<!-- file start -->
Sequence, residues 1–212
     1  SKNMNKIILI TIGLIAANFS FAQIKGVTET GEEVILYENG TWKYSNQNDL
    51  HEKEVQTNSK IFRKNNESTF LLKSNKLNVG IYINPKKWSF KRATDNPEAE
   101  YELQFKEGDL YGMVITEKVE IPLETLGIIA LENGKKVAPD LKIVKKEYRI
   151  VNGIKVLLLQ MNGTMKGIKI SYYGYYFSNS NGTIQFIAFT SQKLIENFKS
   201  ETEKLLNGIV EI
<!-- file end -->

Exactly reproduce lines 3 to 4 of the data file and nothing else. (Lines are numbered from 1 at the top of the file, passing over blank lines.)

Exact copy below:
    51  HEKEVQTNSK IFRKNNESTF LLKSNKLNVG IYINPKKWSF KRATDNPEAE
   101  YELQFKEGDL YGMVITEKVE IPLETLGIIA LENGKKVAPD LKIVKKEYRI